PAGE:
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Getting Too Much of Vitamins And Minerals

The health consequences of going overboard.

Subtle Signs You're Getting Too Much continued...

"There might be hints of concern, but they would be very subtle signs," he says.

These fairly mild symptoms may include difficulty sleeping or concentrating, nerve problems such as numbness or tingling, or feeling more irritable -- depending on the nutrient that's going overboard.

The bigger concern, Katz says, is that we're "garnishing the food supply with overfortification."

He says manufacturers have shifted their focus from what they've taken out of food -- such as its fat, sugar, or salt -- to what they're putting in, whether it's vitamin D, probiotics, or omega-3 fats -- whatever nutrient is in vogue.

"When more and more foods are enhanced, it becomes impossible for consumers to know what dose they're getting over the course of a day," Katz says. "Clinicians have to realize we might be introducing new dietary imbalances because of this practice."

Three Nutrients to Watch

Dwyer says vitamin D, calcium, and folic acid are three nutrients you may get too much of, especially through supplements.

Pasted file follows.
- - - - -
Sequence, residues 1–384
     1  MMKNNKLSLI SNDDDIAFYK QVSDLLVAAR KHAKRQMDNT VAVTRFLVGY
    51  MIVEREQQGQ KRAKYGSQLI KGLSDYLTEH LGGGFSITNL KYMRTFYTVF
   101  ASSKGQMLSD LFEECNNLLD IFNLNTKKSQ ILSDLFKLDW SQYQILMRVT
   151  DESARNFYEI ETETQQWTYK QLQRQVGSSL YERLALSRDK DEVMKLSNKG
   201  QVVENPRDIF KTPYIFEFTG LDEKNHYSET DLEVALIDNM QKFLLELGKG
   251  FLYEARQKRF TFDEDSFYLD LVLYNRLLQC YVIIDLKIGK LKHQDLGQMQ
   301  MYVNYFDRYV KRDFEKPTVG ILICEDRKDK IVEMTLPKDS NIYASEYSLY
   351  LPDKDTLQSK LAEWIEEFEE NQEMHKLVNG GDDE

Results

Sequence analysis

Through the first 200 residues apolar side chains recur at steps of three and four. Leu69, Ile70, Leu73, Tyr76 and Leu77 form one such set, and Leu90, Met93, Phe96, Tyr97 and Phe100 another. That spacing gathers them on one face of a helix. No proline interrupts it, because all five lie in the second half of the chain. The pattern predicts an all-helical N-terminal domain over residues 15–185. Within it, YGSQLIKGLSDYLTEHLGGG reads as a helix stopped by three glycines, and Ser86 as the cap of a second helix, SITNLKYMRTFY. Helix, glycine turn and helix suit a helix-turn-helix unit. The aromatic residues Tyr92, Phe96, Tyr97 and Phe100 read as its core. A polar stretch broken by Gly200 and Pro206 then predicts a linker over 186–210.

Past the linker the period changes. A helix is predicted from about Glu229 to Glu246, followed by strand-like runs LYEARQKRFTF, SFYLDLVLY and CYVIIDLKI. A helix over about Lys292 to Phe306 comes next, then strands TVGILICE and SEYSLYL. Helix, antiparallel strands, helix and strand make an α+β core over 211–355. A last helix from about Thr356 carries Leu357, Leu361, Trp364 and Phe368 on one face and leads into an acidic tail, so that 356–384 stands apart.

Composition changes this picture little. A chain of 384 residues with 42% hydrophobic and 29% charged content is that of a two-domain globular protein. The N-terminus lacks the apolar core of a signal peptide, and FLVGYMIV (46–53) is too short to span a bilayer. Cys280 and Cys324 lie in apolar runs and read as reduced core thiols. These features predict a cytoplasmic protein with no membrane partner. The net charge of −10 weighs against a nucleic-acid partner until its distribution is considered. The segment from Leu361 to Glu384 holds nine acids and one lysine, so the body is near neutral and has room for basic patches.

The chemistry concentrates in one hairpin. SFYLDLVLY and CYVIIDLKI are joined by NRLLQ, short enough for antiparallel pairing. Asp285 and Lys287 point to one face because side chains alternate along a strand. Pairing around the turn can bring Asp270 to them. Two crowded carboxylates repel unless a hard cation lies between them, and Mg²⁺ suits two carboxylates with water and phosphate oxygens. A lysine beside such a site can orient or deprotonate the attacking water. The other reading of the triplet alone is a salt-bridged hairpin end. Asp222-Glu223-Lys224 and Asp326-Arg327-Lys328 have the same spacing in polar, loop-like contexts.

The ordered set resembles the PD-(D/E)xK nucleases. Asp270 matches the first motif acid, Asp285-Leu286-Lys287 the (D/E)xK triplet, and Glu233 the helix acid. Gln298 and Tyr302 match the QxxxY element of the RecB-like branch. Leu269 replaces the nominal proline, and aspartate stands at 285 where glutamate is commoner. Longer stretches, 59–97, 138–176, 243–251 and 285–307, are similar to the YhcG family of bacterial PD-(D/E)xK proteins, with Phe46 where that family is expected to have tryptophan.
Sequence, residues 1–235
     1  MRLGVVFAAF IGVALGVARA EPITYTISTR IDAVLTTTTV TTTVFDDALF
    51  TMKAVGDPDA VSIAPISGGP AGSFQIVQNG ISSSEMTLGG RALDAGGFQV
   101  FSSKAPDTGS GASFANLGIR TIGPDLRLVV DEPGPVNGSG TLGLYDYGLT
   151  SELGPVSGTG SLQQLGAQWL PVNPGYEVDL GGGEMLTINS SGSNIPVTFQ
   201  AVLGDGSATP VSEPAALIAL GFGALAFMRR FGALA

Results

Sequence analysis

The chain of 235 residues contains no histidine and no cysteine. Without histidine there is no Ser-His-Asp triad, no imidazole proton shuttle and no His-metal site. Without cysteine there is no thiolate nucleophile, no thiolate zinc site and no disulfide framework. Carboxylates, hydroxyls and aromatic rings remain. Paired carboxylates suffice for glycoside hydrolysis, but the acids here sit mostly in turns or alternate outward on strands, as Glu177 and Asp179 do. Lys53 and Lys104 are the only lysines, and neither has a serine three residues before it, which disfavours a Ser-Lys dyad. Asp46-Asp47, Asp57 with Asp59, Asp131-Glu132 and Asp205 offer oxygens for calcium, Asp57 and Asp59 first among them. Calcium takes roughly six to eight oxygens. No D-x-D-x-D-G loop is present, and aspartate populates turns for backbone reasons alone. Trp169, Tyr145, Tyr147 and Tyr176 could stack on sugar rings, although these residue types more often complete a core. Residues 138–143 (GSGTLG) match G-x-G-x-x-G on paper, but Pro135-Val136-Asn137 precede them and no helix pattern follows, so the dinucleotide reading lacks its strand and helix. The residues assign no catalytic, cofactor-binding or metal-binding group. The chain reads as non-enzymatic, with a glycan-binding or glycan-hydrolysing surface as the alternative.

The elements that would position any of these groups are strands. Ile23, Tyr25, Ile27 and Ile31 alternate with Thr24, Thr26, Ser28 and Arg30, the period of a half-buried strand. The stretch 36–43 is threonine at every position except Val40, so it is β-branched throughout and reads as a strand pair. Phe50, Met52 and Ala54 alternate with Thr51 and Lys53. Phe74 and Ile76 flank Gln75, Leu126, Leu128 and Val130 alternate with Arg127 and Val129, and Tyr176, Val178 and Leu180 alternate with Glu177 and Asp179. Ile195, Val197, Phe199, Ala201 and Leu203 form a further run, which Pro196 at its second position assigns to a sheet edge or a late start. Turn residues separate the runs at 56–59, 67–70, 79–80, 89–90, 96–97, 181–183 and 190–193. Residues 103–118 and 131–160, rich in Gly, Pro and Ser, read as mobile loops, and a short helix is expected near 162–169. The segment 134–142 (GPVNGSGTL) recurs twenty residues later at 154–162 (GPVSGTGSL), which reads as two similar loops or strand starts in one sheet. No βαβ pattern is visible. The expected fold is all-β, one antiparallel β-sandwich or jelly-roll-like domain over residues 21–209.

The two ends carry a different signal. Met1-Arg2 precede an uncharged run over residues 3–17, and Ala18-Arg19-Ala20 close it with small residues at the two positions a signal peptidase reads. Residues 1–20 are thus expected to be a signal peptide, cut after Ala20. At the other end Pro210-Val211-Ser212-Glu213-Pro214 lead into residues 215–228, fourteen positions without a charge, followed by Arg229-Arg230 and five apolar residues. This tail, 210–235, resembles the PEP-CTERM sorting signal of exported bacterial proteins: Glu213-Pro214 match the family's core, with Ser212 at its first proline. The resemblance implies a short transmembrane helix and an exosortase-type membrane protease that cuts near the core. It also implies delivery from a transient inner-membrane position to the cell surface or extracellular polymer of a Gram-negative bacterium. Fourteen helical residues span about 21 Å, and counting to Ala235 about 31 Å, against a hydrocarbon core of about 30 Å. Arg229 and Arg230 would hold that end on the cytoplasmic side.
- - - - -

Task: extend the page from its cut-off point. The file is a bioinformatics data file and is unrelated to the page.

Adults who regularly far exceed the 4,000 international units (IUs) daily safe upper limit for vitamin D might may end up with serious heart problems.

Folic acid is added to enriched grain products -- white flours, pasta, rice, breads, and cereals -- to help prevent birth defects in babies due to folic acid deficiency in pregnant women. While folic acid fortification has cut the number of birth defects by 25% to 50%, it might have created other health concerns in people getting too much.

It's not hard to get more than 1,000 micrograms of folic acid a day (the safe upper limit for adults) from fortified foods and supplements on a regular basis. Doing so might hide the signs of a vitamin B12 deficiency in older adults. Vitamin B12 deficiency can sometimes lead to permanent nerve damage if left untreated.

There's no need to worry about foods that are naturally rich in folate.

"Most people can now get enough folic acid without having to rely on supplements," Dwyer says.

In fact, she says, "most people have no problem [with getting too much vitamins or minerals] if they start with food, which is the healthiest and safest way to get them."

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Reviewed on April 02, 2014

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